Expert Insight On Threat Actors Delivering Prevalent Info-stealers Via Pay-per-click Ads

BACKGROUND:

It has been reported that researchers have tracked down the origins of several increasingly prevalent info-stealers – including Redline, Taurus, Tesla and Amadey – that threat actors are delivering via pay-per-click (PPC) ads in Google’s search results.

On Wednesday, breach prevention firm Morphisec posted an advisory in which it said that over the past month, it’s investigated the origins of paid ads that appear on the first page of search results and that lead to downloads of malicious AnyDesk, Dropbox and Telegram packages wrapped as ISO images.

Experts Comments

June 07, 2021
Hank Schless
Senior Manager, Security Solutions
Lookout

Attackers are constantly figuring out new ways to deliver malware to unsuspecting victims. The campaigns with the greatest success rates are often ones that use a legitimate platform to deliver the attack. Leveraging paid Google ads creates an initial sense of trust - much like what attackers are able to do with socially engineered phishing campaigns. This trust causes users to let their guard down, and attackers exploit that to execute their attack.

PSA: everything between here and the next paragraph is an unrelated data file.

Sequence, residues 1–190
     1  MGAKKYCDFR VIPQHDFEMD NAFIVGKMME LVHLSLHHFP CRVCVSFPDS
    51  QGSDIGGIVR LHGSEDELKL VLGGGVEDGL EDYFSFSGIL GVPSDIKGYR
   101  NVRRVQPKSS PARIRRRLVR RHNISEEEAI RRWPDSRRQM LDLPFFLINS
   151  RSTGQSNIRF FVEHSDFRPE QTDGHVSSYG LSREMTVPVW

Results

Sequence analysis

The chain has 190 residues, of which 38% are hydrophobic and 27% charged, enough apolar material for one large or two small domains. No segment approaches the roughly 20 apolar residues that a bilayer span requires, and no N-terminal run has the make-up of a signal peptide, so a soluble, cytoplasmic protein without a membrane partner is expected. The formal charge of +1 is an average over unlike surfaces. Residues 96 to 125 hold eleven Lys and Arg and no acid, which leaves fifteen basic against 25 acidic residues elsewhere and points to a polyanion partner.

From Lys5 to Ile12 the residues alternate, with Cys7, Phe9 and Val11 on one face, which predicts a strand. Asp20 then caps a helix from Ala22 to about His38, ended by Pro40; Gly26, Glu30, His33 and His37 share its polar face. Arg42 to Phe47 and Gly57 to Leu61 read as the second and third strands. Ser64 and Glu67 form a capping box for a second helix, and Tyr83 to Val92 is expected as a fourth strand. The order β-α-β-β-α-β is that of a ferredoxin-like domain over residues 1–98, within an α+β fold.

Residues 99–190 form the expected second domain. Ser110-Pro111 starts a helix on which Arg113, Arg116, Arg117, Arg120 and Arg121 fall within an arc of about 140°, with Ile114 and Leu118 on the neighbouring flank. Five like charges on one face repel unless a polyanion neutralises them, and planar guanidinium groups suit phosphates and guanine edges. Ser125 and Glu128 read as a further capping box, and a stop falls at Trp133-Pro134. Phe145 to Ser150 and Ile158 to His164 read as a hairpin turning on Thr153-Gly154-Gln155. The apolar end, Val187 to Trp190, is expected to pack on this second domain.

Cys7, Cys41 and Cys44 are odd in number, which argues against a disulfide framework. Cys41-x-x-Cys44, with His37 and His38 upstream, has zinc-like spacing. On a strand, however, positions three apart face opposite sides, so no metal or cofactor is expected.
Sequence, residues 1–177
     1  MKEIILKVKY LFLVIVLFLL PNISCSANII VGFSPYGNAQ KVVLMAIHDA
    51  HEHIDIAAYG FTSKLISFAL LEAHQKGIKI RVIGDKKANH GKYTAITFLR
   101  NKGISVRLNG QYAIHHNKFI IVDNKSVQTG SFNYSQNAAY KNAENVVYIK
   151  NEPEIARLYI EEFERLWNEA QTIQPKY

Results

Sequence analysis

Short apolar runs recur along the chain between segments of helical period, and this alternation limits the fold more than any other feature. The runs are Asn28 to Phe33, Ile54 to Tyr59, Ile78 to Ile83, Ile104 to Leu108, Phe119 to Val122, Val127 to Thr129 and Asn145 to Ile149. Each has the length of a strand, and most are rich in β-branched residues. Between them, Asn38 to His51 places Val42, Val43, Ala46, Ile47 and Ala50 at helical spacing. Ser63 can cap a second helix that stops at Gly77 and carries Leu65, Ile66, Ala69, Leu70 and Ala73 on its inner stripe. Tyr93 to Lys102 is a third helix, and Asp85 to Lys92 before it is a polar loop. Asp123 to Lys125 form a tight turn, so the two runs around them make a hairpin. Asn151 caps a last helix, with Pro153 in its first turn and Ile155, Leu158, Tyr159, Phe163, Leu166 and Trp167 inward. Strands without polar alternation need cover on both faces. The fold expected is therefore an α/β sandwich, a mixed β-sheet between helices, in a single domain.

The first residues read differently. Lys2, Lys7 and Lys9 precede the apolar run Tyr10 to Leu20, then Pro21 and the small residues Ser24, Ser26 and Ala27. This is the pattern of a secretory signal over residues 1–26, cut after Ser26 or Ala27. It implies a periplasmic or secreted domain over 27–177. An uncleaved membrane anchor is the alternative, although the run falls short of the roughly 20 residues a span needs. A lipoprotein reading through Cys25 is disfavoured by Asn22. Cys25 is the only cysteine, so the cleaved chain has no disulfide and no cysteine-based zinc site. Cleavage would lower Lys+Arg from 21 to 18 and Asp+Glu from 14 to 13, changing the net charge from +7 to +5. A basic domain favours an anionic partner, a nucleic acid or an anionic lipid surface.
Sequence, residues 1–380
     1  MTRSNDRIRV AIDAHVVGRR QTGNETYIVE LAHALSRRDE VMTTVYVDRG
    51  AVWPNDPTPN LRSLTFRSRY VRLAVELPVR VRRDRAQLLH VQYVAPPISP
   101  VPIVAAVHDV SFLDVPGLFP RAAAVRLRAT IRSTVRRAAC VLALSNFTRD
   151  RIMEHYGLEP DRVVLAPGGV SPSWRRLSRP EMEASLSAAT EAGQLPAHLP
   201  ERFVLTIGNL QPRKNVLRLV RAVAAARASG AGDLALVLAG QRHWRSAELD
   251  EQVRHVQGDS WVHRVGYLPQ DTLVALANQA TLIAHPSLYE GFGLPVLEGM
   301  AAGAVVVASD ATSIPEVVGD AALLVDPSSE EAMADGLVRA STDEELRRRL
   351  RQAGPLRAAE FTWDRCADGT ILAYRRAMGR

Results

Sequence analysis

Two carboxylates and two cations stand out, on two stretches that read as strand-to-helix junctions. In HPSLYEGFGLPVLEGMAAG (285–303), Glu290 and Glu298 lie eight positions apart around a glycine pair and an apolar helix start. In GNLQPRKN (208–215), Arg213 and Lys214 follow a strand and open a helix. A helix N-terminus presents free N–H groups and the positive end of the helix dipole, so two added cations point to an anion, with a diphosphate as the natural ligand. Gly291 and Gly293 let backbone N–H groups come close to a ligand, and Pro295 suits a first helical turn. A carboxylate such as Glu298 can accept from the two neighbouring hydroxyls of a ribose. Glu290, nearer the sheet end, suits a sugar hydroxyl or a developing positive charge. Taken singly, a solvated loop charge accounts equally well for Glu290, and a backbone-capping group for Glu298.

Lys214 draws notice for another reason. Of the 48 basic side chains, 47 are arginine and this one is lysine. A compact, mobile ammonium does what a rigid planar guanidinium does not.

The concerning thing about this tactic is

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Attackers are constantly figuring out new ways to deliver malware to unsuspecting victims. The campaigns with the greatest success rates are often ones that use a legitimate platform to deliver the attack. Leveraging paid Google ads creates an initial sense of trust - much like what attackers are able to do with socially engineered phishing campaigns. This trust causes users to let their guard down, and attackers exploit that to execute their attack. 

 

The concerning thing about this tactic is that it could be used to target both mobile and desktop users. Since paid Google ads appear on both platforms, the attacker could adjust their payload to target both any user on any device. Considering the nature of the malware itself, this incident should be concerning to individuals and enterprises alike. With hybrid work being the reality for most organizations in the foreseeable future, employees will continue to use both managed and unmanaged devices to access corporate infrastructure and cloud apps. This goes for smartphones, tablets, laptops, and desktops. Employees expect to be productive from any device, which means corporate data needs to be secured from the endpoint itself all the way to the cloud. 

 

In order to protect themselves against attacks like this, security teams need to implement a Zero Trust philosophy across their entire infrastructure. To take it a step further, implementing granular policies that dynamically adjust access based on the unique risk profile of both the user and the device is a necessity. This will ensure that users are who they say they are and can only access the resources they need to get their work done.

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